South Africa denies US allegations of arms sales to Russia.webp

South Africa denies US allegations of arms sales to Russia – Portal

JOHANNESBURG, May 12 (Portal) – South African officials on Friday dismissed US allegations that a sanctioned Russian ship collected weapons from a naval base near Cape Town late last year, a move investors fear may have been made could prompt Washington to impose sanctions.

The US ambassador to South Africa said Thursday he was confident a Russian ship loaded weapons from the Simon’s Town base in December, suggesting the incident was not consistent with Pretoria’s neutrality stance on the Ukraine conflict.

Western diplomats have been alarmed by South Africa’s holding of naval exercises with Russia and China this year and the timing of a visit by Russian Foreign Minister Sergei Lavrov.

South Africa is one of Russia’s key allies on a continent divided over its February 2022 invasion of Ukraine, but says it is impartial and abstained from voting on UN resolutions on the war.

Russian President Vladimir Putin discussed the conflict in Ukraine in a phone call on Friday with his South African counterpart Cyril Ramaphosa, the Kremlin said.

Ramaphosa’s office said Thursday that an inquest led by a retired judge would look into the allegation. On Friday, an arms control minister and a foreign ministry spokesman said the country did not authorize arms shipments to Russia in December.

“We have not approved any arms shipments to Russia, … they have not been sanctioned or approved by us,” Communications Minister Mondli Gungubele, who was chairman of the National Conventional Arms Control Committee (NCACC) when the alleged arms shipment to Russia took place, told 702 Radio.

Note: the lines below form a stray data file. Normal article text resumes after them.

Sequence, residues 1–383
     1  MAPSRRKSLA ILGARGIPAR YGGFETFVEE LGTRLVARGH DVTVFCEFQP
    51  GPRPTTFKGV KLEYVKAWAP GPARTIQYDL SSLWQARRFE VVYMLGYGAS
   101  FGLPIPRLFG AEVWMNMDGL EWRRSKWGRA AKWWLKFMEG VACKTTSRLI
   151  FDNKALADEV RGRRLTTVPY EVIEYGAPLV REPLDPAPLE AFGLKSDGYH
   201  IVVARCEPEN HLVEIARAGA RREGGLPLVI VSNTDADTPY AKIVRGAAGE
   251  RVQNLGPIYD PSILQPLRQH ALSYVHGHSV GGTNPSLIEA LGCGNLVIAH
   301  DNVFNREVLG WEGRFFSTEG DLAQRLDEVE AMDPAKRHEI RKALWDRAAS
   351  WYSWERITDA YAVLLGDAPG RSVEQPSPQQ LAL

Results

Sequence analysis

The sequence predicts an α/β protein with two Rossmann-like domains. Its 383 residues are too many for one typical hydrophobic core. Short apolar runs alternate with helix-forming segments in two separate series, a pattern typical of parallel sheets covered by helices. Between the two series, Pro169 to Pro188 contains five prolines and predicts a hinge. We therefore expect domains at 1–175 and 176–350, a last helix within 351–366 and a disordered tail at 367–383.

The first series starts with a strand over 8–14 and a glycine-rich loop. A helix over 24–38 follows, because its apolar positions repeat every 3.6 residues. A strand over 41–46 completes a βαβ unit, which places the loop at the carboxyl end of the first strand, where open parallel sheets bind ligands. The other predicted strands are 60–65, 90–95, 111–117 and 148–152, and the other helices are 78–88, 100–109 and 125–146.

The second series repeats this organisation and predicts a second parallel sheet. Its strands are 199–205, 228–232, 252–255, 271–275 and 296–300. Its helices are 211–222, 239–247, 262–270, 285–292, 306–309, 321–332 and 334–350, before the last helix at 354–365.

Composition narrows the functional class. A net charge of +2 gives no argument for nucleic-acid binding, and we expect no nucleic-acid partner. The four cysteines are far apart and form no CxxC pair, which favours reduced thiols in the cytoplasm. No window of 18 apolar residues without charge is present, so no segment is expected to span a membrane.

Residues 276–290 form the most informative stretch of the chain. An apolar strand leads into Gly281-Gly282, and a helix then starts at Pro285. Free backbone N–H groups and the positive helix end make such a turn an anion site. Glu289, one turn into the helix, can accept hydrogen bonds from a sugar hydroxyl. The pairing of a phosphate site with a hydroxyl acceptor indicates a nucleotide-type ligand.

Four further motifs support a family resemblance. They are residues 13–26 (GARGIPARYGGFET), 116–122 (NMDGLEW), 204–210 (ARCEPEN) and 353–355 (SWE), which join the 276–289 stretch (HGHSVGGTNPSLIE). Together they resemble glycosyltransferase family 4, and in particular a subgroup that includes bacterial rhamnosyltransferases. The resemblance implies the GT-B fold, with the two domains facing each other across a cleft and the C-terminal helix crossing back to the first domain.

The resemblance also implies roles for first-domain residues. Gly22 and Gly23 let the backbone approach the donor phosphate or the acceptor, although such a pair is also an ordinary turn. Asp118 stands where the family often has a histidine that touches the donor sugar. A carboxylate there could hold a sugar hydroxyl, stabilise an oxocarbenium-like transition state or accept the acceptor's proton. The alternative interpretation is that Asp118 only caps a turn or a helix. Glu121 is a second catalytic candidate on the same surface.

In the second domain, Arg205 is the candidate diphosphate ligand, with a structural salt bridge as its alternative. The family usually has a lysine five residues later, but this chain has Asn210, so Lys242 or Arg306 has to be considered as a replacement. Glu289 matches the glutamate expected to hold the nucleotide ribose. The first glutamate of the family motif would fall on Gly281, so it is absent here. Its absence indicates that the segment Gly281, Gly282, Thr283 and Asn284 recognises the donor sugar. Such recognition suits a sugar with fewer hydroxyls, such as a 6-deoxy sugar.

South Africa’s Defense Ministry said on Friday it would state its position on the government probe.


Clayson Monyela, a spokesman for South Africa’s Department of International Relations and Cooperation (DIRCO), wrote on Twitter that his department would be speaking to US Ambassador Reuben Brigety and that Secretary of State Naledi Pandor would be speaking to US Secretary of State Antony Blinken later in the day.

Neither Gungubele nor Monyela said whether or not an unauthorized shipment had left South Africa. Monyela did not respond to a request for comment.

White House National Security Council spokesman John Kirby on Friday declined to comment on the specific allegations against South Africa, but reiterated the government’s position on any country supporting the Russian war effort.

“We have consistently and strongly urged countries not to support Russia’s war. We don’t think anyone, anyone should make it easier for Mr. Putin to kill innocent Ukrainians, period,” Kirby said.

He declined to comment on the possibility that the shipment was a private transaction and not authorized by the South African government.

After departing Simon’s Town, the vessel “Lady R” sailed north to Mozambique, according to Refinitiv shipping data, and spent January 7-11 in the port of Beira before continuing to Port Sudan on the Red Sea.

According to the data, on February 16, it arrived in the Russian port of Novorossiysk on the Black Sea.

The United States imposed sanctions on the Lady R and Transmorflot LLC, the shipping company they are associated with, in May 2022 on the grounds that the company “transports arms for the (Government of Russia)”.

fear of sanctions

Washington has warned that countries that provide material support to Russia could be denied access to US markets.

Authorities in the opposition-ruled Western Cape, a key center for exports and tourism, said they feared losing a market for commodities such as oranges, macademia nuts and wine.

“Our ties with the US bring in billions of rand,” said the province’s finance minister, Mireille Wenger, echoing concerns of business lobby group Busa. “It makes absolutely no economic sense to jeopardize the relationship.”

Visiting South Africa in January, US Treasury Secretary Janet Yellen said any breach of US sanctions against Russia would be dealt with “quickly and severely”.

The arms turmoil has put pressure on the rand currency, which is already weighed down by worries over a power crisis. It hit an all-time low early Friday before regaining ground.

Reporting by Kopano Gumbi. Edited by Alexander Winning

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